• Under the agreement with NSW Government, Origin:

    - Can opt into an underwriting arrangement that is capped at $225 million annually when claiming up to 80% of operational losses – this includes sharing up to $40million in annual profits earned from Eraring.

    - Must ensure Eraring generates at least 6 TWh each year, the equivalent annual output of two of Eraring’s four generating units, but enough to address the forecasted reliability gap.

Feature 3

$22.7 billion of funding towards net-zero

The Future Made in Australia package was announced as part of the 2024-25 federal budget. The package aims to incentivise the transition to net-zero in order to maximize economic and industrial benefits in clean energy, natural resources, STEM capabilities, and work force education.

The biggest incentives were announced for hydrogen, critical minerals, and solar and battery supply chains:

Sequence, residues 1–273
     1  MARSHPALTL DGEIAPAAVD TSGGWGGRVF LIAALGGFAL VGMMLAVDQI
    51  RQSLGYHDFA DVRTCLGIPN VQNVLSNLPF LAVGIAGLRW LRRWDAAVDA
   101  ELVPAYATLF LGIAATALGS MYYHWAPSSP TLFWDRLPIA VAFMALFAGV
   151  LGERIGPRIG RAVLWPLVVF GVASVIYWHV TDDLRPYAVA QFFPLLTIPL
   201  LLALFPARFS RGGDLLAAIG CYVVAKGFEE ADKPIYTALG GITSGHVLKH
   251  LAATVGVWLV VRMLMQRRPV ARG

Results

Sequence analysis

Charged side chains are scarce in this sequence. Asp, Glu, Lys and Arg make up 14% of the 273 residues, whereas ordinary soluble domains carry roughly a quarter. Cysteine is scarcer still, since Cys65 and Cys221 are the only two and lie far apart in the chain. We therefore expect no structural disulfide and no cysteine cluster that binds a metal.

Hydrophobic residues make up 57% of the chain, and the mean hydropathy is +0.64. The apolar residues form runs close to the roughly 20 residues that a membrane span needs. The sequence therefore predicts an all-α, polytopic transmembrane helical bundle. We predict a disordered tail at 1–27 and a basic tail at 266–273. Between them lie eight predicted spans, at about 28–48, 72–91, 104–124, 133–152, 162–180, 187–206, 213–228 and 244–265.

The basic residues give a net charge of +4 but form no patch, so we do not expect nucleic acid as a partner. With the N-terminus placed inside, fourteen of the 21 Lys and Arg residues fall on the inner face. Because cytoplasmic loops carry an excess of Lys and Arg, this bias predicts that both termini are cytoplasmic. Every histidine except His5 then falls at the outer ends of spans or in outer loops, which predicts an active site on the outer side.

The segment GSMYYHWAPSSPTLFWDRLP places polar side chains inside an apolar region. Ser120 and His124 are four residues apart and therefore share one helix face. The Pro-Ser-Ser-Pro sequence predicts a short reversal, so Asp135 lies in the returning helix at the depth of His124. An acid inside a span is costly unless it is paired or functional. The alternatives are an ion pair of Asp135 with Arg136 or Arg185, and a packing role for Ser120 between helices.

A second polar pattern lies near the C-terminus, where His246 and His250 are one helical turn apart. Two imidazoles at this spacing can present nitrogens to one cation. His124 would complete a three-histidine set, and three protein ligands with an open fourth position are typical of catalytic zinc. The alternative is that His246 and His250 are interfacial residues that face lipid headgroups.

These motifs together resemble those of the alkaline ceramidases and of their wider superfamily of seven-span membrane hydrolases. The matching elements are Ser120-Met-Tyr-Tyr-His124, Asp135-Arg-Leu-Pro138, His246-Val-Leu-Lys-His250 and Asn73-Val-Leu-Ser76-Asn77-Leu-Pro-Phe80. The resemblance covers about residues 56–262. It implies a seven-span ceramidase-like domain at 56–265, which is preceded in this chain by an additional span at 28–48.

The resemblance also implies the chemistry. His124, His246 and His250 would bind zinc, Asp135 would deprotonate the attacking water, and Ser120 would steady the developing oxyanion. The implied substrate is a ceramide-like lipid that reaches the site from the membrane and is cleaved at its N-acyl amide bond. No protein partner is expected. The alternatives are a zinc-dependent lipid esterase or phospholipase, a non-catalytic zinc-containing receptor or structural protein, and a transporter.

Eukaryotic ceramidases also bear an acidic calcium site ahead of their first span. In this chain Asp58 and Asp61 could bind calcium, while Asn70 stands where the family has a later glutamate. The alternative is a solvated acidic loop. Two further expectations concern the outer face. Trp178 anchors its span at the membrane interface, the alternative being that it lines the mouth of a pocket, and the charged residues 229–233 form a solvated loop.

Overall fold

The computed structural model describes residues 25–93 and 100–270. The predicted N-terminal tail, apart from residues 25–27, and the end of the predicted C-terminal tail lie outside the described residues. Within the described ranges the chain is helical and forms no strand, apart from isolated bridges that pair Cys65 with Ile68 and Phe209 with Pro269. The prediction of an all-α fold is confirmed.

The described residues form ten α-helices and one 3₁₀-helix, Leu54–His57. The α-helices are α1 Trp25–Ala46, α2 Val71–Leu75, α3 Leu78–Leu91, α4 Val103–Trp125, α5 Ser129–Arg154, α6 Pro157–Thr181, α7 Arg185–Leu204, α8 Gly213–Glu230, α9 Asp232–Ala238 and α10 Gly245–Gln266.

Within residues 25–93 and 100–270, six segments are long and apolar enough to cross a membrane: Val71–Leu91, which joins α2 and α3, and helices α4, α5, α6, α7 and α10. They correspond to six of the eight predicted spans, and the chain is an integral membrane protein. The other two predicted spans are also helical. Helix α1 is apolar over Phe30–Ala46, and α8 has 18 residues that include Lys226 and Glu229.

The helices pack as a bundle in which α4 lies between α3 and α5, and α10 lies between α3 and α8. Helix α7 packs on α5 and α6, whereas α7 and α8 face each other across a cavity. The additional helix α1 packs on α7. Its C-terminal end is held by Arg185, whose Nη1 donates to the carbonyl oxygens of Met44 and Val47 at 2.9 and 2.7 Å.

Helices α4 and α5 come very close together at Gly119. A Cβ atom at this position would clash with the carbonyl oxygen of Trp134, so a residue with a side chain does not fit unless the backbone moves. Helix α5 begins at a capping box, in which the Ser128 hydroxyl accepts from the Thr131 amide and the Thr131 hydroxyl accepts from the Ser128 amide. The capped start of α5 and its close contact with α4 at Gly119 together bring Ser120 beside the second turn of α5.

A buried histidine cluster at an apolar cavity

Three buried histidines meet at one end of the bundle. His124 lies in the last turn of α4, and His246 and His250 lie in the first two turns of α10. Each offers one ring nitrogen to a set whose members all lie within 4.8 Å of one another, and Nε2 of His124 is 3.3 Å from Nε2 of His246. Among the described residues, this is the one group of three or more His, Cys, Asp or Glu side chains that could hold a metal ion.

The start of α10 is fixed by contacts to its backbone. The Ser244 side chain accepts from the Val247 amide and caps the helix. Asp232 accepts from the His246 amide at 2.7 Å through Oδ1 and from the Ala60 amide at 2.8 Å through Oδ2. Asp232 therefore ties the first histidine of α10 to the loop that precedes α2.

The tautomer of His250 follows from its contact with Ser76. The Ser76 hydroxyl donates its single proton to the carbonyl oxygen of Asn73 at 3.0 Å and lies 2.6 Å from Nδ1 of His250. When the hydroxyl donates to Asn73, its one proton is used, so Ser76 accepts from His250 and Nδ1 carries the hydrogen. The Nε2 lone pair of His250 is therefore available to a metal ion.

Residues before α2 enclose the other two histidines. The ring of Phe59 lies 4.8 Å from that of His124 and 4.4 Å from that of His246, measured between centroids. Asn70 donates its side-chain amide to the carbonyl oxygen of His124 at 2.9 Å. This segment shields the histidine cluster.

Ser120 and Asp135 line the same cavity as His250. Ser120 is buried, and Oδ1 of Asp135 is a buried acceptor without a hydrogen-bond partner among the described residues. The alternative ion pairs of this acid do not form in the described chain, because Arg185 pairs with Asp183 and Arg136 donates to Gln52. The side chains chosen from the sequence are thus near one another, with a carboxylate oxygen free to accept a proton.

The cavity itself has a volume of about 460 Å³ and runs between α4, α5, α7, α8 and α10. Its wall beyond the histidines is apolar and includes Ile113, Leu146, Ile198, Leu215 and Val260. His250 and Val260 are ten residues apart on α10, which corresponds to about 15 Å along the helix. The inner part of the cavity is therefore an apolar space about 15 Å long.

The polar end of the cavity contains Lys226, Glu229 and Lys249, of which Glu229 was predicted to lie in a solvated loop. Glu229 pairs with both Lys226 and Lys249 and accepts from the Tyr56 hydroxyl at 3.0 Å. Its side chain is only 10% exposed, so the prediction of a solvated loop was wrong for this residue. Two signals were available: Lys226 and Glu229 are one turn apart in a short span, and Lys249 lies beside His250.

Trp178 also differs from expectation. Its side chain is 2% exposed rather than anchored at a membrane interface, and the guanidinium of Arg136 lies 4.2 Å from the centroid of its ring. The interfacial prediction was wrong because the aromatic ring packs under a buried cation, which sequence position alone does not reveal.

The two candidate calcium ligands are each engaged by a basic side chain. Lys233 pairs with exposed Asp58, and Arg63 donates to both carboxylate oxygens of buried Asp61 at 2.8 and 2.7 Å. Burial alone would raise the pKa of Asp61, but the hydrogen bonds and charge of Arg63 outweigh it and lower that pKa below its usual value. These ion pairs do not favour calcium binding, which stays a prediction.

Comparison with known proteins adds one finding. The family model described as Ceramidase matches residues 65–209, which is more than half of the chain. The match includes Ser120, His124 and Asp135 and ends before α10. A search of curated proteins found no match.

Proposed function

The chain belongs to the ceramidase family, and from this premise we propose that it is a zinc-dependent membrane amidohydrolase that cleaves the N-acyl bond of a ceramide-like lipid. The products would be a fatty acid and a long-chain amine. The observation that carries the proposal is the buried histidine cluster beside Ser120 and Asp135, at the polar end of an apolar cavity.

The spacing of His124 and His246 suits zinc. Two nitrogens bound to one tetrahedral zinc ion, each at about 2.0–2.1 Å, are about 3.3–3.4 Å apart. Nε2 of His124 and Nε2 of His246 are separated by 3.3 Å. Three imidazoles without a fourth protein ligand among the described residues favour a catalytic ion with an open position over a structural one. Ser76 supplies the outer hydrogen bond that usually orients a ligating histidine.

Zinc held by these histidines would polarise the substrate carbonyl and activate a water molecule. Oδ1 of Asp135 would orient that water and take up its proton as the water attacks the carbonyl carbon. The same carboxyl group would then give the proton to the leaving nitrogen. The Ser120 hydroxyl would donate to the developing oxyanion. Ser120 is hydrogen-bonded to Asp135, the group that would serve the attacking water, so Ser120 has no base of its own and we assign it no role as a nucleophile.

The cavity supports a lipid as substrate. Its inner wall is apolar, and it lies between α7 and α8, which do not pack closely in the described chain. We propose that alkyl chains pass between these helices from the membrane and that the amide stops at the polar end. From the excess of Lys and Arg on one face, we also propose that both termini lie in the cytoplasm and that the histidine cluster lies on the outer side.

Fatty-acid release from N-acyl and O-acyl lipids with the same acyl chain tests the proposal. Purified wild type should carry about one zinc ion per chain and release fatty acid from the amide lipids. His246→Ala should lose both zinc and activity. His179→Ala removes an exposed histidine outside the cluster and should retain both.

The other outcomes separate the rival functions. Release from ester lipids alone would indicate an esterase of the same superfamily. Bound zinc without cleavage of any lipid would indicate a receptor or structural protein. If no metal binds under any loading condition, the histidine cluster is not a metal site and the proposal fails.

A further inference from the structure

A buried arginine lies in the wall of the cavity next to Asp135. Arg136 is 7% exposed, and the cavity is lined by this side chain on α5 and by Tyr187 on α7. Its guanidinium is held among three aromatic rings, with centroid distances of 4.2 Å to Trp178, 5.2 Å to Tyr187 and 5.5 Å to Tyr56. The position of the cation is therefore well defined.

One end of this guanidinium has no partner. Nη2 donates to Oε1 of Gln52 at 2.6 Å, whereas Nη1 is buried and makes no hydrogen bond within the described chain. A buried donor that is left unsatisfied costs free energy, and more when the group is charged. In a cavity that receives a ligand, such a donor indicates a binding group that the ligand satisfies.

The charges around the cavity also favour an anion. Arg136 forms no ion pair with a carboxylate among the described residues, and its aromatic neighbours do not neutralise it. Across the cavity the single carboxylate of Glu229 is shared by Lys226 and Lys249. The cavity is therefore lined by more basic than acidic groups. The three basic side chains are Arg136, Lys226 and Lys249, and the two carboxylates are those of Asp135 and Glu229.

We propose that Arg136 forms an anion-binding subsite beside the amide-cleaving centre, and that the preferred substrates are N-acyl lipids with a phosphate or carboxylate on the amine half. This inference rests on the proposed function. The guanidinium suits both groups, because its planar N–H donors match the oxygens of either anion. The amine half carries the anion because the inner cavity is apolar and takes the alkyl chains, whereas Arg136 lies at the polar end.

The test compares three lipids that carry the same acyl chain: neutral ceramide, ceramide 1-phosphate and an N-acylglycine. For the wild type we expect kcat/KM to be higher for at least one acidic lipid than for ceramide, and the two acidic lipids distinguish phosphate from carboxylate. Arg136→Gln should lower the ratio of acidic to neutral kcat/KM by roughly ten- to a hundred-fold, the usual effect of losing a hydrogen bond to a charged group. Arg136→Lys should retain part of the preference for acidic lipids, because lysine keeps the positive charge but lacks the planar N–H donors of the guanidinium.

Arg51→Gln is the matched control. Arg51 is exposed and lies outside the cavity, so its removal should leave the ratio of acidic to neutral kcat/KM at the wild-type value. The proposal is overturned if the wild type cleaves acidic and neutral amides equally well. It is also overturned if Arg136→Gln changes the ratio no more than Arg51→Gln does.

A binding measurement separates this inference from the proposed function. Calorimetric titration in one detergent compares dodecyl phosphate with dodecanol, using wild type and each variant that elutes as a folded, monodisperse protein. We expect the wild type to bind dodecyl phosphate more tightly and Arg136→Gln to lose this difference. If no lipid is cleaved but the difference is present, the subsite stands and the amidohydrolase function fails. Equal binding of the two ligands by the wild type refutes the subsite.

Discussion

• $3.2 billion over the next decade through ARENA to support commercialization of critical technologies like green metals, batteries, and low carbon liquid fuels.
  • $2/kg tax incentive for renewable hydrogen produced between 2027-28 to 2039-40 for up to ten years per project.
  • An additional $1.3 billion towards the Hydrogen Head-start Program to support early-movers in the hydrogen industry.
  • 10% tax incentive for critical minerals that are processed and refined between 2027-28 to 2039-40 for up to ten years per project.
  • $1.5 billion to strengthen clean energy manufacturing - $1 billion for Solar Sunshot and $523.2 million for the Battery Breakthrough Initiatives.

The Federal Government is also allocating $170.6 million to streamline decision-making surrounding environmental, energy, planning, social license, and foreign investment approvals – this is especially important in regions that have a large pipeline of critical renewable energy projects. 

What this month’s developments mean for Australian business

Energy market